Last night’s stunning primary defeat of House Majority Leader Eric Cantor (R-Virginia) should be a rallying point for Moderate Republicans. Cantor may not have lost because he flirted with immigration or education reform or as one pundit speculated, because of his religion. His Goliath defeat to a David could boil down to laser focused opposition.
Moderate Republicans have yet to organize. They have no voice on the radio, no leaders in Congress to rally them and no grassroots movement – yet.
The rallying cry for Moderates has been, “Compromise!” The establishment wing has spent the last several years trying to build bridges to The Tea Party and even worse, apologizing for them. As political strategist Scott Reid said, “It’s time for incumbents to run like they’re running for Sheriff and not Prime Minister.”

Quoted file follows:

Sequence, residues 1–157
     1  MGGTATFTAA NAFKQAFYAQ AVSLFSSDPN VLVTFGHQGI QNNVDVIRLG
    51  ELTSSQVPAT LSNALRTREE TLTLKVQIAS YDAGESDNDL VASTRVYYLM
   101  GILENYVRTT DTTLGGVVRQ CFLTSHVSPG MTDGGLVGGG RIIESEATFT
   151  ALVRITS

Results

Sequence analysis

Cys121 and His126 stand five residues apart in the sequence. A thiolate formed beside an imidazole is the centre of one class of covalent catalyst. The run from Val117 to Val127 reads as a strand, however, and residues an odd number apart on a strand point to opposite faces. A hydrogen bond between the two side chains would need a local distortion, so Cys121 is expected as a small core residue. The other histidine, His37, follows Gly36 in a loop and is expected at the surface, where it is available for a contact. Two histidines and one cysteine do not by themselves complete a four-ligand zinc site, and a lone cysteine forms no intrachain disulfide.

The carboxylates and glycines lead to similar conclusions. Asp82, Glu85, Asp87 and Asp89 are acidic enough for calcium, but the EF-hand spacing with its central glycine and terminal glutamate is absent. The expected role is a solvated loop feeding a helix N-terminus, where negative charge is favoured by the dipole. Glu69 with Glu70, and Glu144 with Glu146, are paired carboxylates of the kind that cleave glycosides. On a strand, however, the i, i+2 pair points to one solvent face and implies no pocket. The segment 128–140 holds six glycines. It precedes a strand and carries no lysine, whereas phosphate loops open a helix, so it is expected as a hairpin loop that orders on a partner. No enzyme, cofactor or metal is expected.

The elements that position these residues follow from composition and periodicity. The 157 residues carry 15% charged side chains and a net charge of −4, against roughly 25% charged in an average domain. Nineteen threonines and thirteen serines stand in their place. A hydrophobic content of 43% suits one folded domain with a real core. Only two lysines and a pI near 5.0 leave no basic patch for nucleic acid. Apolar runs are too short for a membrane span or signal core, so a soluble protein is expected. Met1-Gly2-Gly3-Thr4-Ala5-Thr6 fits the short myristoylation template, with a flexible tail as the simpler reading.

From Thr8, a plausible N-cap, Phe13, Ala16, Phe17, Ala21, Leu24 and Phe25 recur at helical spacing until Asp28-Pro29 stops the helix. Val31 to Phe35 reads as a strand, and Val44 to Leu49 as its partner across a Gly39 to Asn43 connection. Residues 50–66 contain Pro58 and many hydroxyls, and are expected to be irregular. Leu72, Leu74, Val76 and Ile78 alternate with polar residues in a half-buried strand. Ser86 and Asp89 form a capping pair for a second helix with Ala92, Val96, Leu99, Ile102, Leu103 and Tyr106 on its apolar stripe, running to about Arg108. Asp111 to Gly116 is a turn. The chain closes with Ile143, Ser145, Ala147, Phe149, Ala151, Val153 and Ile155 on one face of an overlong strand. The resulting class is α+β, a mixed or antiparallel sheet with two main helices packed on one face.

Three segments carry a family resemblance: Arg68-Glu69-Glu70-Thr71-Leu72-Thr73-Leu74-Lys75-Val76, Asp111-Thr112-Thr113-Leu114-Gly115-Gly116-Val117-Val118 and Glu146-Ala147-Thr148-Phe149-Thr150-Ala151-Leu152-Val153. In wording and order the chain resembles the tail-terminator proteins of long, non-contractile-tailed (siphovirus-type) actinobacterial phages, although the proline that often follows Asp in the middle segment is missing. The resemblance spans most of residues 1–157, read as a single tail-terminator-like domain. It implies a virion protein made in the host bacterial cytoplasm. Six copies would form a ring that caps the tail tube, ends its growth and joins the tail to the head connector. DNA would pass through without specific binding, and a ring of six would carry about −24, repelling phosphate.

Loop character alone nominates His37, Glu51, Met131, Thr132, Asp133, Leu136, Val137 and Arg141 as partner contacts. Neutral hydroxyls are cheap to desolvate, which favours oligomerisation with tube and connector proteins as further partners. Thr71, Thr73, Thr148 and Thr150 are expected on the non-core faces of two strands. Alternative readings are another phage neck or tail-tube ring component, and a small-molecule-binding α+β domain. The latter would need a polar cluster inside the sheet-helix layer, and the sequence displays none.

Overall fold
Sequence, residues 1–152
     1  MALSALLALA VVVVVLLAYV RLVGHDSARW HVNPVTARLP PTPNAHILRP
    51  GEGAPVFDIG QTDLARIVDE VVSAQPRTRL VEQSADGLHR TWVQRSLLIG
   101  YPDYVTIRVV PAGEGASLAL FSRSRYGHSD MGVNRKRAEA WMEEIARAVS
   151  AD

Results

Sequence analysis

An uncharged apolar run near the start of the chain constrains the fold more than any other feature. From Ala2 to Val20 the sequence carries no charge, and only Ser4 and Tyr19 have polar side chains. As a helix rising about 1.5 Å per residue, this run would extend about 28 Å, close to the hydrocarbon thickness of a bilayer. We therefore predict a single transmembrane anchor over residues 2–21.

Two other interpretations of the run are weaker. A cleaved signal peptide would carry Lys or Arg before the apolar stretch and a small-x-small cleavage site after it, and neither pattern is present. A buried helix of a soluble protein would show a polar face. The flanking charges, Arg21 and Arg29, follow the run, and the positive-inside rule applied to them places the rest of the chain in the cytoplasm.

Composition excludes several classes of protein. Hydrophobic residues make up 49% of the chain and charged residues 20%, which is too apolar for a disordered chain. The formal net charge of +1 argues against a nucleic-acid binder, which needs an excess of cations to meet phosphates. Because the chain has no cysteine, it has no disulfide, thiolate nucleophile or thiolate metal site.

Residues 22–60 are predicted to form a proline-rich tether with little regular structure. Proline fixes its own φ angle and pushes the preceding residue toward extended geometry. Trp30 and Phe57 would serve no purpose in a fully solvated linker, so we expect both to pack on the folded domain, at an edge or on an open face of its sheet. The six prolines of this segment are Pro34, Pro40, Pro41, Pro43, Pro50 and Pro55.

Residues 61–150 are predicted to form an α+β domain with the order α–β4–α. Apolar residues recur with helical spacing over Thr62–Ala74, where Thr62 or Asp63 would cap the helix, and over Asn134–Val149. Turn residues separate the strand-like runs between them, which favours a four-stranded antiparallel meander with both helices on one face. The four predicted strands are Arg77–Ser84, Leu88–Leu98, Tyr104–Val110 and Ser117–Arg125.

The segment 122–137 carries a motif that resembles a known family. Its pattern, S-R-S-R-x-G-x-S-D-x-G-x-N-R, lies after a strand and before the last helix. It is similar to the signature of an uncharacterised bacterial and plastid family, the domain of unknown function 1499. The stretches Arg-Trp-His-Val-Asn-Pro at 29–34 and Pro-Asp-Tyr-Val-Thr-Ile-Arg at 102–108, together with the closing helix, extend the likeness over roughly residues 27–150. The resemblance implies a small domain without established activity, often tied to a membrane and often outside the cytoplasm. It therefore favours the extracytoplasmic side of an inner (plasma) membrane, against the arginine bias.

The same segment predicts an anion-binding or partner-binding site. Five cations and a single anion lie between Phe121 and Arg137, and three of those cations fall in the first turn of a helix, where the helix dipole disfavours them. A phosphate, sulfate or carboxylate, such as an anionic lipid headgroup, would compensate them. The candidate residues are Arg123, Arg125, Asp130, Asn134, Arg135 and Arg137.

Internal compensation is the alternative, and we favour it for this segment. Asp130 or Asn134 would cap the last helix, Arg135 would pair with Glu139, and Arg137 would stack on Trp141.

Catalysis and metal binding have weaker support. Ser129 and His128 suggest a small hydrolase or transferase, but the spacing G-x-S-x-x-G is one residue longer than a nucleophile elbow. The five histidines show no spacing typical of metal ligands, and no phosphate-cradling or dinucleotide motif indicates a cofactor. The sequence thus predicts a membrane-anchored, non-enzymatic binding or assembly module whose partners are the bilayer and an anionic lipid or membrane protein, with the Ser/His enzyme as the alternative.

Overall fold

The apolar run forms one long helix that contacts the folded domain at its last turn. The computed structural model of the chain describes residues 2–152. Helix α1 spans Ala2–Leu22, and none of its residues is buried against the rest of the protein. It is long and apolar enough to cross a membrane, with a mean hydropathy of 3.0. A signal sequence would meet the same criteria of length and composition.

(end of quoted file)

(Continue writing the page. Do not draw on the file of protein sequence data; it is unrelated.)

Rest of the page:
That’s a very un-Moderate thing to say. But Cantor’s defeat has shown us how easily someone trying to build bridges can be accused of playing both sides. Not only did the Tea Party hate Cantor; President Obama reportedly did, too. Let’s hope that Cantor’s defeat isn’t spun as a need for candidates to bank right but instead is a turning point for Moderates to declare themselves unequivocally.
Gov. Mitt Romney might have been President if he had taken the gloves off and talked past The Tea Party to the reasonable Republicans and frustrated Democrats in the electorate. That feisty long term Moderate Republican, Sen. John McCain (R-Arizona) might have been President if he hadn’t been bullied by The Tea Party into taking on Sarah Palin as a running mate.